The department of Hérault is crossed by several rivers that originate in the southern foothills of the Massif Central and empty into the Mediterranean Sea, flowing more-or-less from north to south over a relatively short distance from high altitude. The main rivers flowing from east to west are the Vidourle, which marks the limit with the Gard department; the Lesz, which flows through Montpellier; the Hérault, which gave its name to the department, and the Orb, which flows through Béziers. To the west, the Aude, a 224 km-long river flowing from the Pyrenees, has a course oriented west-east and marks the boundary betwee Hérault and the neighbouring department of Aude. These rivers as well as their tributaries take their character from the region's 'cévénol' climate, with sudden variations of flow causing sudden floods. Lagoons are found along the coast of Herault, the largest of which is the Étang de Thau, with an area of about 7,500 hectares.

The hinterland of the lowlands of Bas-Languedoc is gradually hilly. It is the territory of the vineyard, olive groves, orchards and scrubland. Olive growing and viticulture symbolize an important part of the Mediterranean heritage and lifestyle.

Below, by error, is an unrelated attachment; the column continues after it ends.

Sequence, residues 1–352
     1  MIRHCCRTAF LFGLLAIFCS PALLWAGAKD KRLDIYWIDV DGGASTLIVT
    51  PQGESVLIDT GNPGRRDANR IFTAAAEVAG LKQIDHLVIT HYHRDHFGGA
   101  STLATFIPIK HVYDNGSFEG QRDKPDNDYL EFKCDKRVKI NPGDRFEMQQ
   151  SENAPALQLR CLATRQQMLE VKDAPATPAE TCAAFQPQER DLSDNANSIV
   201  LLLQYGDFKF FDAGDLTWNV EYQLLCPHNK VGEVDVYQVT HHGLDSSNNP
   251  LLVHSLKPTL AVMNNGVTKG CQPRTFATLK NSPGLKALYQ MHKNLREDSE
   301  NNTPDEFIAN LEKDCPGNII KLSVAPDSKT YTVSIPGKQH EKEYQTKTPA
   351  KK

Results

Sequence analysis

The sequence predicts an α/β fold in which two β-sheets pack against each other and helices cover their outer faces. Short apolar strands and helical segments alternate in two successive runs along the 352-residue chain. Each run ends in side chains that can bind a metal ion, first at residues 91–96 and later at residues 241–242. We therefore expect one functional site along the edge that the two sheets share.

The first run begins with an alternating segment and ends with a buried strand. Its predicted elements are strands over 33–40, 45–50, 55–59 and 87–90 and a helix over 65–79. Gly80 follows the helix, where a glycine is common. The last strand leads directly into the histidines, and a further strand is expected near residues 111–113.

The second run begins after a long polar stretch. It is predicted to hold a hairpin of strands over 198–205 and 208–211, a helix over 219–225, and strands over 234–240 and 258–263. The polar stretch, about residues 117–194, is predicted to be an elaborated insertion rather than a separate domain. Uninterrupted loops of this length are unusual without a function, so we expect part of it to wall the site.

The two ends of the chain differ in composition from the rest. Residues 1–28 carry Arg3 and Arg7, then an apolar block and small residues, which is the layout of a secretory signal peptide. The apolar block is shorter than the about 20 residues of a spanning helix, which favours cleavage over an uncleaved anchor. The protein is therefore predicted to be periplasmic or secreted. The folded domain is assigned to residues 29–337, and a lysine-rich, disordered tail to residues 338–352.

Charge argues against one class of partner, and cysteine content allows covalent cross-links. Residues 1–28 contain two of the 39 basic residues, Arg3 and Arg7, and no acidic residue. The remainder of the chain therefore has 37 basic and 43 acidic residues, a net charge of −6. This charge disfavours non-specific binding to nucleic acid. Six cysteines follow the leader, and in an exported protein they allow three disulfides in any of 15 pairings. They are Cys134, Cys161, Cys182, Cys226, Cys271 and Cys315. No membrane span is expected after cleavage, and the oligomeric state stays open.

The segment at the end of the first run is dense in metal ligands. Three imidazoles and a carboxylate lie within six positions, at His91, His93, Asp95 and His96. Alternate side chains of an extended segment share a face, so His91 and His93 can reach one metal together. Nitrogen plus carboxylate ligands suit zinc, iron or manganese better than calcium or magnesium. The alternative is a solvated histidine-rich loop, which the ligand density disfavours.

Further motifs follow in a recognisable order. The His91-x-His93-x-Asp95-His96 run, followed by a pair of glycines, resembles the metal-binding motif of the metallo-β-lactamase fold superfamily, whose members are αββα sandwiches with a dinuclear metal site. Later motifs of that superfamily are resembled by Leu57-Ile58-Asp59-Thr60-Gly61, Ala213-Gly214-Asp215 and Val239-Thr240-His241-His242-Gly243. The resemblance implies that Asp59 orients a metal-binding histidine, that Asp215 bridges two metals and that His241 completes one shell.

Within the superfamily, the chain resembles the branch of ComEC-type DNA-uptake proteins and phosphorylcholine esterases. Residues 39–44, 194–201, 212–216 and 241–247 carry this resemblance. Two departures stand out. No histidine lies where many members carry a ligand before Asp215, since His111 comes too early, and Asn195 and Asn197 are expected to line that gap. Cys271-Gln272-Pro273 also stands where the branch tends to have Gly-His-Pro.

The area of Hérault near the town of Lodève is the geographical antipode point of Chatham Island off the east coast of New Zealand.

Principal towns

The most populous commune is Montpellier, the prefecture. The least populated municipality is Romiguières with 21 inhabitants in 2019. As of 2019, there are 7 communes with more than 20,000 inhabitants:[4]

Commune Population (2019)
Montpellier 295,542
Béziers 78,308
Sète 43,858
Agde 29,600
Lunel 26,385
Frontignan 23,028
Castelnau-le-Lez 22,534


The vast majority of the department can be characterized as a Mediterranean climate. However, the mountainous areas of the northwest have an oceanic influence. Some sectors of northern Herault have a temperate continental influence.

The average temperature of the summer months is close to the maximum French average. Nevertheless, the sea protects the coastal areas from the extremes of heat waves in summer, but also frosts in winter. They range from about 27 degrees Celsius on the seashore to 32 degrees Celsius inland. Mean minimum temperatures also vary, ranging from about 19 degrees Celsius on the coast to 15 degrees Celsius in the interior.


The inhabitants of the department are called Héraultais. Population development since 1791:

Historical population
Year Pop. ±% p.a.
1791 290,126 —    
1801 275,449 −0.52%
1806 299,882 +1.71%
1821 324,126 +0.52%
1831 346,207 +0.66%
1841 367,343 +0.59%
1851 389,286 +0.58%
1861 409,391 +0.50%
1872 429,878 +0.44%
1881 441,527 +0.30%
1891 461,012 +0.43%
1901 489,421 +0.60%
1911 480,484 −0.18%
1921 488,215 +0.16%
Year Pop. ±% p.a.
1931 514,819 +0.53%
1936 502,043 −0.50%
1946 461,100 −0.85%
1954 471,429 +0.28%